REVIEW: Ghost Orchid – Bloodbound//I[EP/2014]


Artist: Ghost Orchid

Album: Bloodbound//I – EP


Everything is perfect. Her body, naked, lays stretched upon a makeshift altar—your apartment’s coffee table—bound, gagged and blindfolded. Candles placed precisely where they need be, chalk and powder spelling ancient incantations, besmirching your once-pristine living room floor—you stand above her, leather bound testament cradled in one palm while a glistening, far-from-ceremonial bowie knife rests in the other. Just as you are perfectly poised to carry out a surreal, sanctimonious summoning unlike any previously attempted, Ghost Orchid stand at the precipice of pure metalcore perfection at the onset of Bloodbound//I. An EP that is simultaneous aggressive and haunting, atmospheric yet punishing, Bloodbound//I shows the young band embracing all of the quirks and oddities that define their sound and manipulating them to create an all-too-brief yet amazingly immersive experience. Take a deep breath—here comes the plunge.

Plunge indeed, as your knife slide smoothly, unobstructed between her ribs, searing and slicing through flesh, fat and muscle. Like a surgeon, you slide and carve her carapace, serrated blade bobbing in perfect time with the age-old syllables spilling from between your lips. Once Bloodbound//I breaks the listener’s skin, there is simply no stopping it. Driven by a raunchy, galloping drum line and deep, throbbing bass, “Mare//Posession” kicks the listener’s eardrums clean off their figurative hinges. Even in spite of its brief runtime, the percussion throughout Bloodbound//I is unfailingly energetic, never missing a beat in its oppressive, in-your-face attack on the listener’s sanity. Right there alongside it is Jay Gayoso and his deep, rollicking bass. Gayoso combines his efforts perfectly with those of the percussionist to create a driving, furious baseline from which guitarists Mike Coscia and Cameron Knopp can extrapolate. Coscia and Knopp provide an incessant array of inventive, razor-sharp riffs that cut through the listener like a katana through a cucumber. “Witching Hour” shows Knopp and Coscia playing nice with Gayoso’s plodding, groovy bass guitar, while “Ephemeral Trepidation” takes the already impressive amount of atmosphere the duo create and amplify it, creating great caverns of masterful musicianship where previously, there were but crevices.

It isn’t long before her blood spills past the pools in her recessed form, over her sides and onto the table—then tumbling, pouring onto the floor. As your cuts deepen and your voice raises from barely-audible whisper to belligerent roar, the blood pool at your feet spreads, soaking into the powder outlines. Here, the light dims. Like her blood gushing forth from the deep cuts you’ve founded, the vocals on Bloodbound//I erupt forth from the valleys and canyons carved by Ghost Orchid’s gruesome instrumentation. Vocalist Timothy Recchilongo paints the musical canvas of Bloodbound//I incarnadine, with one of the most distinct and incredible screeches the genre has ever seen. Reminiscent of Heavy Heavy Low Low’s highest screams, Recchilongo’s unique vocals dominate over the instrumentation—especially throughout the EP’s latter two tracks. This, however, is not to say the vocal effort throughout the release is monotonous. With Recchilongo’s low bellows, haunting singing and the appearance of two Floridian vocal juggernauts, Bloodbound//I is just as vocally visceral and complex as it is instrumentally inventive and fresh.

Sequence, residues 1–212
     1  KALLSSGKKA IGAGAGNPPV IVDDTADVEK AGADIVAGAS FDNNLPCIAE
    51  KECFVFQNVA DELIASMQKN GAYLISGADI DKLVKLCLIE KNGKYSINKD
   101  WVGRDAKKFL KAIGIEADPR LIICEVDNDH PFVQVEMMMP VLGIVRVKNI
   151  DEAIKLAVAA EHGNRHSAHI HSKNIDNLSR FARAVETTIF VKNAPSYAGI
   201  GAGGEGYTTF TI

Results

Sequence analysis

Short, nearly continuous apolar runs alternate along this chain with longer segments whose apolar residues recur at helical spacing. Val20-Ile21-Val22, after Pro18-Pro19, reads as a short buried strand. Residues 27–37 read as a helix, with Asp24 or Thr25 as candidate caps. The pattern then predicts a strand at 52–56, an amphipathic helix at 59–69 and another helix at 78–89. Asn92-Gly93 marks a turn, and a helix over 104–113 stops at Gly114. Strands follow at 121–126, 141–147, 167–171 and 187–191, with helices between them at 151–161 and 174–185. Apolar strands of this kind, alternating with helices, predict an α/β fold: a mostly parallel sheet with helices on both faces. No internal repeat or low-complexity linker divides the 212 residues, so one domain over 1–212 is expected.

The lights dim to the point where you can hardly read the words written in this leatherbound novel—barely enough to follow the twists and turns of your victim’s body with your blade. However, unafraid, you continue—and before long, the summoning is complete. The ghost called into this realm? The full majesty of Bloodbound//I. Ghost Orchid’s debut EP is the picture-perfect amalgam of grotesque, heavy metalcore and over-the-top haunting atmosphere. The climactic sequence of “Summoning Sickness,” for example, where grooves slow their candor and collapse, giving rise to a crushing, soul-splintering breakdown that makes the listener feel as if they are truly splitting off a portion of their soul, creating a horcrux of sorts within Bloodbound//I. Perhaps it’s portions like the eerie chorus of “Ephemeral Trepidation,” which rings loud enough to warp its way into the gyri and sulci of the listener’s head—only to stay stuck there on repeat with no desire or ability to leave. This ghastly spirit Ghost Orchid have divined becomes a parasite, sucking and leeching off of the listener’s soul—growing enough to tower above the band’s peers in the process.

The spirit rises, looming over your head. Its eyes—you think it has eyes—lock with yours. The lights cut, and it becomes one with you, melting into your bones, coursing throughout your blood. Make no mistake, Bloodbound//I is this potent a poison, and Ghost Orchid are more than masterful enough to manipulate their sound to do just as they desire—even if their spell seems a touch short lived.



For Fand Of: Villains, Barrier, Sworn In, Beacons, Victims

By: Connor Welsh